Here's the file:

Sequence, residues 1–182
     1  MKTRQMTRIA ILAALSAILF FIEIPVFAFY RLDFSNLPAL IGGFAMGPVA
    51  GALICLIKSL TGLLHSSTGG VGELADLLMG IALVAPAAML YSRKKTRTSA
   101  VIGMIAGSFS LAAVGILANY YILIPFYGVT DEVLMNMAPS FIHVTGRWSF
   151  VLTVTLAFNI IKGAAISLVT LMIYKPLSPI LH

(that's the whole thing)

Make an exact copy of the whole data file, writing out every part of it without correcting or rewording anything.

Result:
Sequence, residues 1–182
     1  MKTRQMTRIA ILAALSAILF FIEIPVFAFY RLDFSNLPAL IGGFAMGPVA
    51  GALICLIKSL TGLLHSSTGG VGELADLLMG IALVAPAAML YSRKKTRTSA
   101  VIGMIAGSFS LAAVGILANY YILIPFYGVT DEVLMNMAPS FIHVTGRWSF
   151  VLTVTLAFNI IKGAAISLVT LMIYKPLSPI LH